Letter: Anti-protest Laws Declared Unconstitutional—Student Tribunals Are Concordia Equivalent
The 2012 student strike, though momentous on a citizen level, was accompanied by a period of political repression from the Quebec government. They used highly controversial, unenforceable and even unconstitutional laws to violently stop people from gathering and protesting in the streets.
Two of these laws are bylaw P-6 and article 500.1 of the Highway Safety Code.
Thousands of these tickets were issued, running $500 or more in fines (if someone bothered to pay it). A common strategy for the recipients was to band together and fight the tickets, and they were largely successful. Eventually, roughly 2,000 tickets were dismissed, and recently as many as an additional 523 were cancelled.
Hours upon hours of community work went into preparing for the judicial processes involved in these battles—hours upon hours of wasted community time because of repressive state behaviour.
This past month saw the courts declare the use of article 500.1 unconstitutional, saying it “restricts the rights to freedom of expression and peaceful assembly protected by the Quebec and Canadian charters [of rights and freedoms].” This limitation is not justified in the context of a free and democratic society,” according to Ethan Cox’s Ricochet article, “Quebec police violated constitutional rights of protesters: judge.”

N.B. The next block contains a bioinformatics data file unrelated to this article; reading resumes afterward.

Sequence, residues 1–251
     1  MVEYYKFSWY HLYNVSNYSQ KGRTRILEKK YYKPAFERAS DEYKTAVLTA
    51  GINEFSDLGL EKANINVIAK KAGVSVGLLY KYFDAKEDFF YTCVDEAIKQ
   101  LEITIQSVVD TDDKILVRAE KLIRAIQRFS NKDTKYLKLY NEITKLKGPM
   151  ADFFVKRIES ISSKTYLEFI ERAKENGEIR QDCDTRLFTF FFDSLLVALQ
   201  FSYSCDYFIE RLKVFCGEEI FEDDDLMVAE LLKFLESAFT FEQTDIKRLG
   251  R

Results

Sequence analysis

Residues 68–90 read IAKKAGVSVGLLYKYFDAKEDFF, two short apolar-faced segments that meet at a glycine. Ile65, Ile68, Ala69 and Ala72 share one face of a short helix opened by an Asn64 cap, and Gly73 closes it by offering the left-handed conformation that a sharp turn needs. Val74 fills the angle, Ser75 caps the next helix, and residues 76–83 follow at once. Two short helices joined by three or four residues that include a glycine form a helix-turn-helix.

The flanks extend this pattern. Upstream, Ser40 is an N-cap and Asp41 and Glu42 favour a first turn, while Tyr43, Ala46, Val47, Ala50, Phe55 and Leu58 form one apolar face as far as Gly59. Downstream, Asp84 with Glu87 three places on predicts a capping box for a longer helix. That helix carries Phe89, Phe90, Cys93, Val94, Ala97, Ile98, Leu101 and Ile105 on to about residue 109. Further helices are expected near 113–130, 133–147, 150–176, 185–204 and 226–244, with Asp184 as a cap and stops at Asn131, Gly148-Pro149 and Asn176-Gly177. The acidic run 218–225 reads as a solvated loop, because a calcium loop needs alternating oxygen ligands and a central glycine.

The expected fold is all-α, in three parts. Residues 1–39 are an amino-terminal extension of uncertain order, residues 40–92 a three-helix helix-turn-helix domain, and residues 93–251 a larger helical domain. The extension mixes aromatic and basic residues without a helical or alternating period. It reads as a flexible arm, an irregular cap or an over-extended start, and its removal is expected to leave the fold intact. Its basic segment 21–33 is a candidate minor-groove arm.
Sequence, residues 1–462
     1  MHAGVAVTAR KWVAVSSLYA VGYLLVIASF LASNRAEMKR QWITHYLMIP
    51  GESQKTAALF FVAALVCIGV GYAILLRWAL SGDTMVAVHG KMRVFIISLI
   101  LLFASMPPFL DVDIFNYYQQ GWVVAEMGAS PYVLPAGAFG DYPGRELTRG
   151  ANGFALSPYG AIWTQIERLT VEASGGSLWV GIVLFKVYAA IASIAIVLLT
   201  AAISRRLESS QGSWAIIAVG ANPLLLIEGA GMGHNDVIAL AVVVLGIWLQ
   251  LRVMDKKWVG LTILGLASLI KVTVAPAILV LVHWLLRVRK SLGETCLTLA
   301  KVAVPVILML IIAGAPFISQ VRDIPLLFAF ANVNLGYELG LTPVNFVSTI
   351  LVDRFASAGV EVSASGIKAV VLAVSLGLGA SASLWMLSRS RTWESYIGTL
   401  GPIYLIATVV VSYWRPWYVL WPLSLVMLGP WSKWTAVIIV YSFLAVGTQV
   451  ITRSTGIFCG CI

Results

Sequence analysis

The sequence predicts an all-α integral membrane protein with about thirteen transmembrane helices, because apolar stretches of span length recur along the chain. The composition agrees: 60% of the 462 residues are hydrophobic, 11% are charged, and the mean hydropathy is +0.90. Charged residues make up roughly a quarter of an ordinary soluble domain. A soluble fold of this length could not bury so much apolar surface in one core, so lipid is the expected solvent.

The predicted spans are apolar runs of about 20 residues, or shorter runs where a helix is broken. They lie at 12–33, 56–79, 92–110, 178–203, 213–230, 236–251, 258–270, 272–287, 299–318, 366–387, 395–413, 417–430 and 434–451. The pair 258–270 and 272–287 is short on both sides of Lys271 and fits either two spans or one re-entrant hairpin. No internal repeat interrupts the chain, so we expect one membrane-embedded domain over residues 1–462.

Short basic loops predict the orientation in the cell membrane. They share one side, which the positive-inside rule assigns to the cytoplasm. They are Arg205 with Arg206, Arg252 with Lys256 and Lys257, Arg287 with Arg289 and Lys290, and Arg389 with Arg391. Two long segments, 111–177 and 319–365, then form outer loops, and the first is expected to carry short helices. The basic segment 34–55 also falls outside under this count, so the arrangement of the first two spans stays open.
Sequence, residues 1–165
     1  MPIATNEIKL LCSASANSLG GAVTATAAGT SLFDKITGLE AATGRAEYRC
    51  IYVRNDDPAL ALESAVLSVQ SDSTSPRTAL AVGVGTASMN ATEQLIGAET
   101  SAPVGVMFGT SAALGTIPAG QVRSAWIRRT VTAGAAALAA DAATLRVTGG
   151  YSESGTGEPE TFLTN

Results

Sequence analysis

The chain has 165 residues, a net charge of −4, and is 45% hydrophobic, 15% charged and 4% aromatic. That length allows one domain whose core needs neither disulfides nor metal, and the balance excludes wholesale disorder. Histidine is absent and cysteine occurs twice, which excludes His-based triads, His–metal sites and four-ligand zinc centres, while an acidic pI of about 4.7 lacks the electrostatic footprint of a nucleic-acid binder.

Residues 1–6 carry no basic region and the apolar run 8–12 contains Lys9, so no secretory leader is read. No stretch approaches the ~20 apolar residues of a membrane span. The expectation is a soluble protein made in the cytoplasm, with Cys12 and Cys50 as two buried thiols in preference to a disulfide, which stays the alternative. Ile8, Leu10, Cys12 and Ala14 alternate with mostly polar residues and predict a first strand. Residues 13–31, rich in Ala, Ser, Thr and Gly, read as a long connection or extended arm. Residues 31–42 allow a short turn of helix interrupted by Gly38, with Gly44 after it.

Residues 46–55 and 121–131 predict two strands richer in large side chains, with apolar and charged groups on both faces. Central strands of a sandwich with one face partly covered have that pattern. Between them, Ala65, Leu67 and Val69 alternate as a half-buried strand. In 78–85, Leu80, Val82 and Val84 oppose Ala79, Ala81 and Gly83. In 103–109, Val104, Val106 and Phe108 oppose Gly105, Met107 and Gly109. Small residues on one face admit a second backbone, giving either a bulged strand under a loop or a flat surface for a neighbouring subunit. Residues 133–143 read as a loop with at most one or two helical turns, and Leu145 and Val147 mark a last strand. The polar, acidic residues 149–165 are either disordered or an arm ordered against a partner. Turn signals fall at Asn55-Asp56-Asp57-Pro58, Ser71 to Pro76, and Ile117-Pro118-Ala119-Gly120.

Unfortunately, we are facing a similar issue right now at Concordia University. Roughly 25 students are facing academic consequences that could see them removed from representative bodies they’ve been elected or appointed to by students for taking part in peaceful strike actions in their classes, in accordance with a democratic mandate taken through the respective departmental student association.
Without even getting into the backwards nature of collective action resulting in arbitrary individual academic consequences, it is clear that on a societal level students and social movements have been facing unjustifiable political repression when they’ve tried to democratically use their collective voice. The likes of which are only just barely touched on through this letter.
In a climate such as this, we need the university community to support students as equals, and to help defend our collective voice. If the recent court rulings tell us anything, it’s that we need more protection for social movements, not less.
With tribunal hearings coming up on Dec. 2, we have a good opportunity to send that message by throwing these tribunal complaints, and changing the code so that it no longer discriminates against student collective action.
— Benjamin Prunty, Concordia Student Union councillor
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